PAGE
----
What’s wrong with the Lakers? After 4 games, the Defending NBA Champion Los Angeles Lakers road to repeat is in jeopardy.
After a game 4 crushing loss, Lakers fans should be concerned. Traditionally NBA championship teams dominate in the first round of the playoffs. But so far the Oklahoma Thunder led by 2010 Coach of the year Scott Brooks, and 2010 scoring champion Kevin Durant, have neutralized the Los Angeles Lakers in the first three games and destroyed them in game 4 and put in question a repeat championship in LA.
Oklahoma defeated LA easily in game four. They held a double-digit lead that grew to as large as 27 points, from the second quarter to the final buzzer, to even the series two games to two.
The 4 Lakers Strengths have been weak.
There are four strengths the Lakers have that Oklahoma has been able to neutralize or diminish. If the Lakers don’t improve in these areas we could have a possible upset of a champion.
First, there has been so much talk about the Lakers length with two 7-footers Andrew Bynum and Pau Gasol, and the ability to bring Lamar Odom in at the point for Derek Fisher and move Kobe Bryant to small forward. This should give LA an advantage in rebounds and blocks. Instead, through three games the Lakers are averaging only one more rebound than the Thunder (43-42) according to the NBA stats. (http://www.nba.com/playoffs2010/index.html) And Oklahoma is averaging 7.5 blocks compared to LA’s 5 blocks per game. LA’s big men are shooting better than 50% from the field, Pau Gasol 27 for 50, Andrew Bynum 20 for 38. However, they are struggling at the free-throw line, Bynum 5-10, Gasol 20-28. What’s worse, they are being out hustled for rebounds and loose balls. Clearly the size of the Lakers has not been a decisive advantage thus far.
Secondly, the Lakers brought in all-star Ron Artest to solidify their championship run. So far Ron has been a bust on the offensive end, shooting just 13% from behind the arc (3-23). Many of those shots are wide open coming off of dribble penetration and kick outs, and ball-rotations from the triangle offense. The Lakers are going to need more than the 7.7 point per game Artest is averaging so far in this post-season.
Artest was also brought in to be a defensive stopper. In this series he has the tough assignment of stopping Kevin Durant, the leagues highest scorer at 30.1 points per game. Through the first four games Durant averaging 26.8 points per game. His Field Goal percentage is down from 47% in the regular season to 38.4% in this first playoff series. From three-point land his percentage dropped to 25% compared to 36% in the regular season. It’s notable that his Free-throw percentage also slightly declined from 90% to 85%. Artest’s defensive efforts shaved off a mere two points from Durrant’s scoring average in the first three games. In game 4 Oklahoma only need 22 points from Durant who sat out the entire 4th quarter. Artest is not exactly stopping him from getting his. If Durrant is able to lift his long range three-point shot from its mere 25% he will be even more dominant in these playoffs.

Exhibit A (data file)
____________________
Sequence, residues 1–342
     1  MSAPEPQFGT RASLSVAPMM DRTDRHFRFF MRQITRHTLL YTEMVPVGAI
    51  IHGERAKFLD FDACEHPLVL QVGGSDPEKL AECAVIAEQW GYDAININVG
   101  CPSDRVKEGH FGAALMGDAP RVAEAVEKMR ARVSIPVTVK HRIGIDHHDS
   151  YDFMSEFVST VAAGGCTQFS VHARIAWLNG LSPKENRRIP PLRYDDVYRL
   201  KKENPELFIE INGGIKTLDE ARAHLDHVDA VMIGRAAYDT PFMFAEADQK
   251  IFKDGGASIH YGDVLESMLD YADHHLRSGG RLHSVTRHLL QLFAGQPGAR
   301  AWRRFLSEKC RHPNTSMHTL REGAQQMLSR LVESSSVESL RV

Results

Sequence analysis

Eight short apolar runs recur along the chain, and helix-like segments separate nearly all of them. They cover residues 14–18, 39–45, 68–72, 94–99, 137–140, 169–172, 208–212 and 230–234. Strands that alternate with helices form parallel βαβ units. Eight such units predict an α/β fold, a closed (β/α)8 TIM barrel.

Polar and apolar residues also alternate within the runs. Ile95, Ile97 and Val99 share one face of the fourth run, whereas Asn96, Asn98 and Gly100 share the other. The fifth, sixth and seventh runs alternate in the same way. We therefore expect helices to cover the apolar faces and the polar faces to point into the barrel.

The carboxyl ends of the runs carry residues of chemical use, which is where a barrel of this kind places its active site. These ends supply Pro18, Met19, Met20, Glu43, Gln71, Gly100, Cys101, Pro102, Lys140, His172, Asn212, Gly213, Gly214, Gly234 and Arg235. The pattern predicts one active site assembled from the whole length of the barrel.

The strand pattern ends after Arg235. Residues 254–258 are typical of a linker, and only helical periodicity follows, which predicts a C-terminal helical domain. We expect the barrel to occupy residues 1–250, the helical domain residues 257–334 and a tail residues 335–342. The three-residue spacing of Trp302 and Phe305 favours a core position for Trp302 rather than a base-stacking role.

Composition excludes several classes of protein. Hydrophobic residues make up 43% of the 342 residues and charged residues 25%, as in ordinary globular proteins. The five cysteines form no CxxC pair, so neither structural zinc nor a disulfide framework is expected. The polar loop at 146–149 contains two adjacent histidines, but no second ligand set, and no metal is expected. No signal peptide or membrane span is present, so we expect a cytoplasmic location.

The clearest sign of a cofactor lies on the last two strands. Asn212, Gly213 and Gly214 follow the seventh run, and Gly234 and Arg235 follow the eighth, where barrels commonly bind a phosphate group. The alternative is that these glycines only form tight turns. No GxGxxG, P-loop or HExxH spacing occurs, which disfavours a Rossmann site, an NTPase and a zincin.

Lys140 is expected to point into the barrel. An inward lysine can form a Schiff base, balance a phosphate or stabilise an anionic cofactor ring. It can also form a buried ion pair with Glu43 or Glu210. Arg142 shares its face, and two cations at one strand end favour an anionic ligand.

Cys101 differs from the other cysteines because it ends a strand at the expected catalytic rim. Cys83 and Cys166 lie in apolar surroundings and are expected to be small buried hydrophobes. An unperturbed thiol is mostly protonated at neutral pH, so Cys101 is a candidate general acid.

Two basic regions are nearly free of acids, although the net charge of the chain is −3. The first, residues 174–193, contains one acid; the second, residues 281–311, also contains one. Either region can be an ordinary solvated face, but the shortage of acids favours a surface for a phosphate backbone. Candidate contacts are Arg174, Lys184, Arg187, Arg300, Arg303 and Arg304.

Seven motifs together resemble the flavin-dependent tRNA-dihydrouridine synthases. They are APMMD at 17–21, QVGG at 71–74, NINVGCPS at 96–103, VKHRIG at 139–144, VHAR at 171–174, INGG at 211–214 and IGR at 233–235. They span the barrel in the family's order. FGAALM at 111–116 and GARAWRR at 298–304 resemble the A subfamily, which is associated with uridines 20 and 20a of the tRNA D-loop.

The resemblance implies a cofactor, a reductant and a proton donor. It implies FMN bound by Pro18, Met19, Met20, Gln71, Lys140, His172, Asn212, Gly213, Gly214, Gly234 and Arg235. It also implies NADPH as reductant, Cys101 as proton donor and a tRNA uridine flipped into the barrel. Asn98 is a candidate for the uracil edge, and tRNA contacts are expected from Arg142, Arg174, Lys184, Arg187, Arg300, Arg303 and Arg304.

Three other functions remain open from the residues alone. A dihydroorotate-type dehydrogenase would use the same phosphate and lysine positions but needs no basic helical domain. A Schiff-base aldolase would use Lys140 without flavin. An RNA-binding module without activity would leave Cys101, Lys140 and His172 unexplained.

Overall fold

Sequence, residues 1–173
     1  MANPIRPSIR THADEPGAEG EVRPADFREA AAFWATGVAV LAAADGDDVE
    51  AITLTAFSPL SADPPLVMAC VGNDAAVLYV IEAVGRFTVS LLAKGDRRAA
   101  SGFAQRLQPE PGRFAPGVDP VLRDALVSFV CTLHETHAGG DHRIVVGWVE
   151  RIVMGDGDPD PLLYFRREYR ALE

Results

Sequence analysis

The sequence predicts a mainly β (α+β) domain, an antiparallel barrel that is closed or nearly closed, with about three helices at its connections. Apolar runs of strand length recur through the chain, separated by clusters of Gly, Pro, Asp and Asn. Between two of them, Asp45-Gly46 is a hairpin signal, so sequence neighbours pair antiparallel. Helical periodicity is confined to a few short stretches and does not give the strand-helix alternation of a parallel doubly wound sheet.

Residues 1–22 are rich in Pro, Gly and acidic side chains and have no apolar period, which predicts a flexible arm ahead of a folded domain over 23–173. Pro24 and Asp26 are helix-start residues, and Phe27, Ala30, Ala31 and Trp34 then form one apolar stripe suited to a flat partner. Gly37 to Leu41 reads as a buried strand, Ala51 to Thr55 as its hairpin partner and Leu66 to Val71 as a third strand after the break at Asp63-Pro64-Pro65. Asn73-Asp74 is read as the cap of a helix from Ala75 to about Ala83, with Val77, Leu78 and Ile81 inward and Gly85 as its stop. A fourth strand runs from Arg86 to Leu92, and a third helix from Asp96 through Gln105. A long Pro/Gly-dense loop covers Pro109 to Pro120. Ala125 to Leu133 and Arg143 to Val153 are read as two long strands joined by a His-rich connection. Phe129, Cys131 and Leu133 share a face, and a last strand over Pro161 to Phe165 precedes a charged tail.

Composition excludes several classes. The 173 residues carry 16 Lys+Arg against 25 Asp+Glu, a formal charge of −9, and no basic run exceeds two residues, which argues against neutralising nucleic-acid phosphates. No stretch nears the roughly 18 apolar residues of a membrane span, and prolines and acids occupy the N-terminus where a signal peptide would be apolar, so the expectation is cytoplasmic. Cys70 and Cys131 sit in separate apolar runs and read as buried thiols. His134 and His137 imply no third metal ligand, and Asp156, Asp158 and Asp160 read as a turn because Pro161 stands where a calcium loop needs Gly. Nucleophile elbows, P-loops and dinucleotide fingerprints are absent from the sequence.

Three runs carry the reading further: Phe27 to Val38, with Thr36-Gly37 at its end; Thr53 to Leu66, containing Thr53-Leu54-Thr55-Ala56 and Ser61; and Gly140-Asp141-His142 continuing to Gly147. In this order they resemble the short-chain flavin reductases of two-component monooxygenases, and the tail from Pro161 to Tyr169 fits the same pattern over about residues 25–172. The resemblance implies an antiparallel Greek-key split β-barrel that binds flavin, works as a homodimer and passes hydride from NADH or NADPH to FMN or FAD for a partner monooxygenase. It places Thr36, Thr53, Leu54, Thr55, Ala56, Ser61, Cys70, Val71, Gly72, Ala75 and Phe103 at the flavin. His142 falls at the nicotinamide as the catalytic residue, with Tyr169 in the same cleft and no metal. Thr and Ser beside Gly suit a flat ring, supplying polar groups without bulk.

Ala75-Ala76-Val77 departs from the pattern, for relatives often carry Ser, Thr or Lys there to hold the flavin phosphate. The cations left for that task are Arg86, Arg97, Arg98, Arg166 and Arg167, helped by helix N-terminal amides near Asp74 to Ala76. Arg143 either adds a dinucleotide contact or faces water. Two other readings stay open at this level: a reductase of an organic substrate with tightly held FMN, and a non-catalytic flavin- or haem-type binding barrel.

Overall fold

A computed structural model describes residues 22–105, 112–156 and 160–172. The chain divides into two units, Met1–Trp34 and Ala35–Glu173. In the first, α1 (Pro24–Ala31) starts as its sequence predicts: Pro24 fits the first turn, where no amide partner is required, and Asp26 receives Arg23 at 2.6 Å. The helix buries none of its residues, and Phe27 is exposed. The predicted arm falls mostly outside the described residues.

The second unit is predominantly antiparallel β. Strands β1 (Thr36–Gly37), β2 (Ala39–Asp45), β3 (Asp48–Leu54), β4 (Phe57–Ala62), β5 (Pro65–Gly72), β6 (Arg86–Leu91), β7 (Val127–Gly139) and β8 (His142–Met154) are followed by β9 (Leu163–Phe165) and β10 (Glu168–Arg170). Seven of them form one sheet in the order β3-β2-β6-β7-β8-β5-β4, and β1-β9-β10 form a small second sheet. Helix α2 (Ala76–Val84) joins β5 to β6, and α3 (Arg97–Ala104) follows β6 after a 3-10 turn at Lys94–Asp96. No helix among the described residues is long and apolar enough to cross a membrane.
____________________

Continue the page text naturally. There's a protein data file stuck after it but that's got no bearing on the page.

Thirdly, the Lakers bench, which was a strength for them in last year’s championship run, has been a weakness so far. The bench is a combined 5 for 30 (16%) from three-point range. Shannon Brown is 1-7, Jordan Farmar is 2-11, Luke Walton is 0-3. Lamar Odom who signed a contract extension this year, and is one the NBA’s best sixth man is averaging only 7.7 points per game in this first round. He too is struggling long range shooting 2 for 8 from behind the arc.
So far Bryant and Fisher are the only consistent three point weapons. (Bryant is 9-22 in the series.) Lakers Captain Derek Fisher has made half of his three point shot attempts in the series so far 11-22. The Lakers may need his three point shooting heroics to win this series.
Fourth and most important strength of the Lakers that we have yet to see in these first three games is the decision making leadership of Kobe Bryant. In the fourth quarter of game three, Kobe forced things shoot 2 for 10 in the period and turning the ball over twice, a flashback to his earlier years. In Game four Kobe went the opposite extreme and didn’t take a single shot until three minutes into the 2nd quarter. He finished the game with 12 points. Whether Kobe’s offensive struggles are due to Durant’s lock-down defense, (the first time we’ve seen the two defend each other for any length of time this series was the final 2 minutes of game 3), or Kobe’s broken finger, or fatigue, whatever the reason, he must look to his co-champion teammates when his shot isn’t falling, and take over the game when it is.
Oklahoma Thunder are a fresh, talented, young team and it should not be a surprise that they are competing with the best team in the Western Conference. But it is a shock to see the number 8 seed Thunder crush the defending World Champion Lakers as they did in game four. We’ve dissected the Lakers strengths that have been rather weak so far. But the biggest problem plaguing the Lakers is their lack of defense. That is what crippled the Lakers in the 2008 NBA Finals against the Champion Boston Celtics. Watching the Lakers players standing around and being out hustled, and fouling in desperation, was history repeating itself. (Oklahoma shot 48 free-throws in game 4).
The good news for Lakers fans is LA has all the ingredients needed to repeat. And if history is any indicator, Kobe Bryant, the games greatest competitor will have already concluded these same findings, and will make the necessary adjustments.
The Lakers will first have to past this test, and defeat a rejuvenated Oklahoma City team that few people anticipated would be in this situation a year ago. The pressure is clearly on the Los Angeles Lakers to win Game 5.